Sep. 4th, 2017

mtbc: maze N (blue-white)
I have mentioned being doubtful about independence referendums; this entry probably merely summarizes previous ones. The Scottish National Party's portrait of an independent thriving Scotland in which little changes in terms of the relationship with the rest of the UK sounded most unlikely. There may be some more plausible story whereby Scotland leaves the UK, adopts its own currency that falls enough to make remote services like call centers by skilled English-speaking staff a useful kind of export, but with an aging population and finite oil the SNP's story seemed to me like a short-sighted pipedream and I feel that Scotland has enough in common with the rest of the UK that breaking away would be an overreaction.

The UK's breaking from the European Union I am less clear on. I like the idea of the EU and I often appreciate regulations that it imposes upon the UK: I think those laws, for example on food quality or how corporations may use our personal data, are a good idea and I greatly doubt that a wholly independent UK would have acted similarly. More personally, it is sad to see EU citizens feeling unwelcome and leaving the UK as I think we benefit both economically and culturally from their being with us.

However, I do agree that there is a democratic deficit wherein cloth-eared EU governance overestimates its own competence: at least those who lead the decision-making are more arrogant than they are correct. Brexit may harm the UK but perhaps it can help push the EU to improve. )

Even excepting the UK, national or regional politics too greatly affect EU governance. I hope that at least the core of the EU can find its way toward something more like the US where there is more central willingness to redistribute funds among the states by need, becoming more cohesive while still offering diversity. )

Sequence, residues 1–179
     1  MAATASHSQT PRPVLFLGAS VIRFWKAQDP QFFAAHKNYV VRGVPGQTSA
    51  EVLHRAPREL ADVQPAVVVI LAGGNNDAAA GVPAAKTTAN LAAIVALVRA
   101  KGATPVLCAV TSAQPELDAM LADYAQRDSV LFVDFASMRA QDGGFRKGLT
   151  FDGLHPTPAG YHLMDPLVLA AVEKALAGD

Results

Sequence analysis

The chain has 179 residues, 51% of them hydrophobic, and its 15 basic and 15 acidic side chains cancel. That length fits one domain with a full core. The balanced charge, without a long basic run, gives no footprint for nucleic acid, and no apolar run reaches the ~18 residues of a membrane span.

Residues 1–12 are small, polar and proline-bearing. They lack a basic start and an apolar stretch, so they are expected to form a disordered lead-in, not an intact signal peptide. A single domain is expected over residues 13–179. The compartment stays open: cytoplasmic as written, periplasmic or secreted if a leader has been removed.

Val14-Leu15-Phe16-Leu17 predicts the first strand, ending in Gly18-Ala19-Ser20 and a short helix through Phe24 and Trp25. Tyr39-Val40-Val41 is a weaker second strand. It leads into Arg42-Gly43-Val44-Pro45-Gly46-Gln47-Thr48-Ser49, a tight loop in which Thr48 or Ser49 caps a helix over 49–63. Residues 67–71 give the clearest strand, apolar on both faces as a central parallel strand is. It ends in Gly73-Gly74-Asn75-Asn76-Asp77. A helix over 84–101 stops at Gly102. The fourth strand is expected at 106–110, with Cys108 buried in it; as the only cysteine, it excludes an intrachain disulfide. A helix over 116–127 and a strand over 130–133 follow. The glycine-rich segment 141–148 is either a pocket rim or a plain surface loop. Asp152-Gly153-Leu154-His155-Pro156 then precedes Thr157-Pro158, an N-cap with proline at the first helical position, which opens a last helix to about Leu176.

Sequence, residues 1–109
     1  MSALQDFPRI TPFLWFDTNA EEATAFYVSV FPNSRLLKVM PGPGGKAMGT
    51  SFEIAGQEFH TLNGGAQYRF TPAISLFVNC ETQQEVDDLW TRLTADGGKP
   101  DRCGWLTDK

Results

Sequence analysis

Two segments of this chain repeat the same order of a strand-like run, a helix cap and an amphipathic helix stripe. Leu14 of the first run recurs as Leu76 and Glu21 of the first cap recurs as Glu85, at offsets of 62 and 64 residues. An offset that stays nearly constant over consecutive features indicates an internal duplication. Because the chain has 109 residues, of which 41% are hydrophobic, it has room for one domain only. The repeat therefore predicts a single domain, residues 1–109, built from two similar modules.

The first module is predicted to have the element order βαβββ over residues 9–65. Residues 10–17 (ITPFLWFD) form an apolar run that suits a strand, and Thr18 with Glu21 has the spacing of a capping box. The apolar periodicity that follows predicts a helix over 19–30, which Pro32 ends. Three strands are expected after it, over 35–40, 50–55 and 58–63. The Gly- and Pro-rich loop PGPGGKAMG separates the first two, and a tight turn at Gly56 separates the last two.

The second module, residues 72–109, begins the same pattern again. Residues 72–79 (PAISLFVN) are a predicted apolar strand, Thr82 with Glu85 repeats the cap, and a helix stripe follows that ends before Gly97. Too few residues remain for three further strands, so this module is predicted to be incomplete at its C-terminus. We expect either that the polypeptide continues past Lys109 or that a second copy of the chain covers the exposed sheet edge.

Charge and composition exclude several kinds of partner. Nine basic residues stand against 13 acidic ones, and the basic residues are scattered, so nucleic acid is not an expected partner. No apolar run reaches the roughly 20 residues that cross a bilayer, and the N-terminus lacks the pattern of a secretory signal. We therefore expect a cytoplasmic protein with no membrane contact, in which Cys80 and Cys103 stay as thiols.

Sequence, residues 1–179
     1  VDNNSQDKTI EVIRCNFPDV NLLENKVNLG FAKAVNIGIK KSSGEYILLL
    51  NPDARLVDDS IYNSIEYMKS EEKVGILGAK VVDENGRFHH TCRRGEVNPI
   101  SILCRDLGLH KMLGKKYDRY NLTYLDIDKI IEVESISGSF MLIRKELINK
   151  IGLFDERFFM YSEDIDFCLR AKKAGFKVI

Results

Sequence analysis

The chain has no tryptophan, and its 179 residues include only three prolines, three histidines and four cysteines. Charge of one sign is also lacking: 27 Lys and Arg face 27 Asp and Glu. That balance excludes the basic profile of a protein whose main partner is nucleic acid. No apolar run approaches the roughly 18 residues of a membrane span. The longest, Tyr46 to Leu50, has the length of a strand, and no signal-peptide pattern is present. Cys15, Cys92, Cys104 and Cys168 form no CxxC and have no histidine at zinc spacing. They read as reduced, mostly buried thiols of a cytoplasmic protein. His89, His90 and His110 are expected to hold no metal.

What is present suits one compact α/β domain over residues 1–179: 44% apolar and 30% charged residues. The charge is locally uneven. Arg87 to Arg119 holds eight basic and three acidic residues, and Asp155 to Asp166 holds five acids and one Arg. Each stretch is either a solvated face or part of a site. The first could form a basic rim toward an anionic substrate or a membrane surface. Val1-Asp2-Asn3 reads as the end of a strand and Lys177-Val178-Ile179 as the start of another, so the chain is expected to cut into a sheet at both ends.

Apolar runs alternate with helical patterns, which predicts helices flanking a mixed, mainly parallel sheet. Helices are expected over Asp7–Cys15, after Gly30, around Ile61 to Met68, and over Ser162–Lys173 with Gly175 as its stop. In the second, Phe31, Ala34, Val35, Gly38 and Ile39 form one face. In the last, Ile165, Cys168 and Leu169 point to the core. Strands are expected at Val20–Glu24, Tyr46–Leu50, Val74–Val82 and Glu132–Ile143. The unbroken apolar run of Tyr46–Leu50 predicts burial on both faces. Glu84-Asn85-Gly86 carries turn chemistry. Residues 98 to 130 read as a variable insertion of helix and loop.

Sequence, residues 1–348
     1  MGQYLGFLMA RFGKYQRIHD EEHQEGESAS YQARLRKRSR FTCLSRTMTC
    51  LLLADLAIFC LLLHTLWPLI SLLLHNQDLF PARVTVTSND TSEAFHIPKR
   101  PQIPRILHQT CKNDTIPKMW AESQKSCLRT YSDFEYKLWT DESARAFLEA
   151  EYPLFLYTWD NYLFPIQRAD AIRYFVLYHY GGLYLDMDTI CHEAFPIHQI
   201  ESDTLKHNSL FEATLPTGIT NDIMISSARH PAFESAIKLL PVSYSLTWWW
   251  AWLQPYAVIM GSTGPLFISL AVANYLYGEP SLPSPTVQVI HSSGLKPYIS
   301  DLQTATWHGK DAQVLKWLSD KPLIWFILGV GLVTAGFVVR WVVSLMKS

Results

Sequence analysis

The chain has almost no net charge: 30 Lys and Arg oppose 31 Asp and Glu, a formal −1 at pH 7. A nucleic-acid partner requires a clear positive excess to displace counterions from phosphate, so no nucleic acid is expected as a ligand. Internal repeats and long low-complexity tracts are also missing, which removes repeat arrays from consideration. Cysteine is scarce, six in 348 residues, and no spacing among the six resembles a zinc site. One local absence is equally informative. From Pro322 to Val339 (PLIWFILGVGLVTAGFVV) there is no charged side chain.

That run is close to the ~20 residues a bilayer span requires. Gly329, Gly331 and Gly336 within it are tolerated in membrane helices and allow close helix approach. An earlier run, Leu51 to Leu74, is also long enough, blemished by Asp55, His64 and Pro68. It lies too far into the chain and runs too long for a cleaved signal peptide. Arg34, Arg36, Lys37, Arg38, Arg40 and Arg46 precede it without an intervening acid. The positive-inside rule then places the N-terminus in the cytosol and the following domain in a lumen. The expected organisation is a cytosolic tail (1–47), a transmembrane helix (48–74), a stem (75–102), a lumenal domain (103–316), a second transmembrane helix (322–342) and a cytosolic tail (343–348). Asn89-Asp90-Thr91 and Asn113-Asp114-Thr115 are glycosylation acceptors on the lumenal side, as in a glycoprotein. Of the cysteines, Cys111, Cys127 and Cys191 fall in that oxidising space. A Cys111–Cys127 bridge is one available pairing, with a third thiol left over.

mtbc: photograph of me (Default)
Nearly a year ago I was commenting here on the divisive issue of keeping pet cats indoors or allowing them to roam outdoors. The norm in the US is toward the former, in the UK the latter. In some cases simply not having a cat might be best but the perfect is the enemy of the good: I do think it behooves one not to be dogmatic about these issues: there is a veritable surplus of cats and a high fraction of likely homes are probably an improvement over being caged for many months in a shelter and possibly euthanized.

Recently I was reading that black cats, also black and white cats, are less popular than more colorful cats. This surprised me: though our cat Pippin is a tabby I find black cats adequately nice relative to others; I suppose that I differ from the mainstream but I have little idea why. However, I had been thinking that black cats might be more difficult to dye: it occurred to me that for the safety of outdoor cats among road traffic it may be responsible to dye them bright colors even if that impedes their hunting and raises eyebrows among the neighbors. Needless to say, I may differ substantially from the mainstream in imagining that dyeing cats could ever be a good idea as I do not notice dyes being advertised as being safe for cats to lick.

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Mark T. B. Carroll

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